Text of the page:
Early October 2021 bopping fortnight’s favorites

Boogie Woogie On A Saturday Night

by Hardrock Gunter

The veteran HARDROCK GUNTER does provide us his « Boogie Woogie On A Saturday Night » (Decca 46300) cut in 1950. A nice bopper, an happy song. Good guitar and vocal.

Next, JOHNNY RECTOR, singer fronting Blackie Crawford and the Western Cherokees, a Houston group, does « If They Ever Get Together » : a bopper – steel, piano and fiddle.

Dub Adams on stage (’40s)

The fine DUB ADAMS with an instrumental « Pocahutas Stomp » on the Dude label (Dude JB 1498) : steel, piano and drums. Western tinged.

From the South now, JOHNNY FOSTER does offer « Turn Me Loose » on Capa 233. A duet, jumping country song, shrill guitar and a good guitar solo.

DAVE BROCKMAN had a disk on Starday Custom, the great « Feel Sorry For Me ». Here he is on the Pea-nut label # 1001 with « My Angel’s Gone to Hell ». Surely a Southern label. He’s been on the Fayette label # 1002 too.

The King of Yodel American Singers, as they call him, KENNY ROBERTS in his finest hour (Coral 64032). Intro by harmonica, a nice bopper, fine lyrics. The song was issued too by Lonesome Willie Evans on London and Little Jimmy Dickens on Columbia.

1929-30 the Godfather of Country music JIMMIE RODGERS did two of his better-known tune, « Mean Mama Blues » (with brass acc.) and « Never No More Blues », (flipside to « Mule Skinner Blues »)both cut by Victor. Both of them were revived by AL RUNYON on the Kentucky label, respectively # 577 and 581. Slow songs, only acc. by guitar. Runyon closely copies here Rodgers.

LARRY GOOD on the Kansas City label R (« Our ») # 517 cut a good Rockabilly with « Pick Up Your Hammer » ; good guitar, the vocal is OK

Finally from Louisiana, the romping « Drunkard’s Two Step » by ROBERT BERTRAND. Steel and accordion backing. Fais DoDo # 1000 (a colloquial word for dance halls)

Sources : many ; YouTube for several(Johnny Foster, Dub Adams) ; the others from my own archives.

HAPPY FATS (Leroy LeBlanc) & his Rayne-Bo Ramblers: (1935-1952) and Oran “Doc” Guidry, Louisiana extraordinaires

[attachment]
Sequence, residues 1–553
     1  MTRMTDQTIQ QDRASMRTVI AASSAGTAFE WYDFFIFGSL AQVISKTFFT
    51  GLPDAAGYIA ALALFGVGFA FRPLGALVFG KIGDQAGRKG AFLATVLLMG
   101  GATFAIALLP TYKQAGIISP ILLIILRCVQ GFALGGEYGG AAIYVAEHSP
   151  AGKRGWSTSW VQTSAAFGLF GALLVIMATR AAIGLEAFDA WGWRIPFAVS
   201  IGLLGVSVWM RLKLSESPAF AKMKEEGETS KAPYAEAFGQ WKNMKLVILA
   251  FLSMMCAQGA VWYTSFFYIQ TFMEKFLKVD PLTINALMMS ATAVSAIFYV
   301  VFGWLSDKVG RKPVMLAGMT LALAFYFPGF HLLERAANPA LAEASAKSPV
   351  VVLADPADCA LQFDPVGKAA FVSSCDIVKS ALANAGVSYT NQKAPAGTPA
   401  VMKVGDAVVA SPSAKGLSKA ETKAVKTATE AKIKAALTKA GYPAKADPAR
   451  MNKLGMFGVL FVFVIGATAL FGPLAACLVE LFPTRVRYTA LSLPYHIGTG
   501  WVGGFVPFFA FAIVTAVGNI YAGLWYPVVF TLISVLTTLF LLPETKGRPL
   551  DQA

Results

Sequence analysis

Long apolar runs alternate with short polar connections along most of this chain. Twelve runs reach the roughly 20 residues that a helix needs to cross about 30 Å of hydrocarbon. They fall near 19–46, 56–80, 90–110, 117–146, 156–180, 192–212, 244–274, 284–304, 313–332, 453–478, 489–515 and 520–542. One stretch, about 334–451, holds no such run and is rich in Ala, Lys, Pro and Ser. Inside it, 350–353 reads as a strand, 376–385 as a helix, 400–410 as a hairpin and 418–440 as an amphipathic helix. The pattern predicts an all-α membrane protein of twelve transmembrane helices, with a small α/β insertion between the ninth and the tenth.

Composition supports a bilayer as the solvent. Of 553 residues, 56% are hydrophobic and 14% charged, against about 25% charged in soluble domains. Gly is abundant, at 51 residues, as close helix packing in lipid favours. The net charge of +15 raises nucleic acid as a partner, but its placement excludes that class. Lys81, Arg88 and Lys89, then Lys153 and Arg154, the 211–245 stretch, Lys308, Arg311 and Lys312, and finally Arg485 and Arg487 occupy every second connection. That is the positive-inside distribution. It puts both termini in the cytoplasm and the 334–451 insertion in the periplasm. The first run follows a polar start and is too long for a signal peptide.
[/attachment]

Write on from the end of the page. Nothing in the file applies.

It has proved difficult to find something on Happy Fats Leroy LeBlanc, although he has been a very popular figure in Louisiana during an half-century. Below is a biography published on the net by All Music (Jason Ankeny).happy fats pic Little did Gilbert and Carrie LeBlanc know, when their baby boy was born on January 30, 1915, that their cheerfully named child would become one of Louisiana’s most recognized Cajun musicians. The music of Happy Fats remains instrumental in both of the preservation and celebration of his native Cajun culture, despite the damage inflicted by a series of race-baiting protest records cut at the peak of the civil rights movement. Born Leroy LeBlanc in Rayne, Acadia Parish, LA, on January 30, 1915, Fats was a self-taught musician who began his professional career at 17 when he began playing accordion in Cajun hillbilly bands led by Amédé Breaux and Joe Falcon. In 1935, he formed his own group, the Rayne-Bo Ramblers, which starred the talents of Eric Arceneaux among others. And regularly headlined the local OST Club. Fats signed to RCA Victor in doc guidry & happy fats1936. In 1937, he played alongside Doc Guidry, and Uncle Ambrose Thibodeaux. Other associates were Luderin Darbonne, Pee Wee Broussard, Doc Guidry, “Papa Cairo” Lamperez, Rex Champagne, and Crawford J. Vincent. He was invited and spoke on many radio stations including: KANE, KEUN, KUOH, KROF, and others. In 1940 he scored his first significant hit, “La Veuve de la Coulee” which featured then-unknown fiddler Harry Choates. The Rayne-Bo Ramblers also served as a springboard for Cajun accordion legend Nathan Abshire in 1935 (“La valse de Riceville“). Other popular Fats recordings include the traditional “Allons dance Colinda,” “La Vieux de Accordion,” and “Mon Bon Vieux Mari.” Few of his efforts earned national attention, but within south Louisiana he was a superstar, and in the early ’50s even hosted a weekday morning radio show on Lafayette station KVOL. In 1966, however, Fats was the subject of national controversy when he signed to producer Jay D. Miller’s segregationist Reb Rebel label to record the underground smash “Dear Mr. President,” a spoken word condemnation of Lyndon Johnson’s civil rights policies that sold over 200,000 copies despite its appalling racism. “We didn’t have any problems with that, not at all,” Fats maintained in an interview. “There wasn’t anything violent about it — it was just a joke. I had a car of black people run me down on the highway one time coming in Lafayette, and they said, ‘Are you the fellow that made ” Dear Mr. President”?’ I said I was, and they said, ‘We’d like to buy some records.’ They bought about 15 records. There was a big van full of black people and they loved it . . . Either side at that time, they didn’t want integration very much. They wanted to go each their own way.” The commercial success of “Dear Mr. President” launched a series of similarly poisonous Fats efforts including “Birthday Thank You (Tommy from Viet Nam),” “A Victim of the Big Mess (Called the Great Society),” “The Story of the Po’ Folks and the New Dealers,” and “Vote Wallace » in ’72.” After a long battle with diabetes, Fats died on February 23, 1988.   (more…)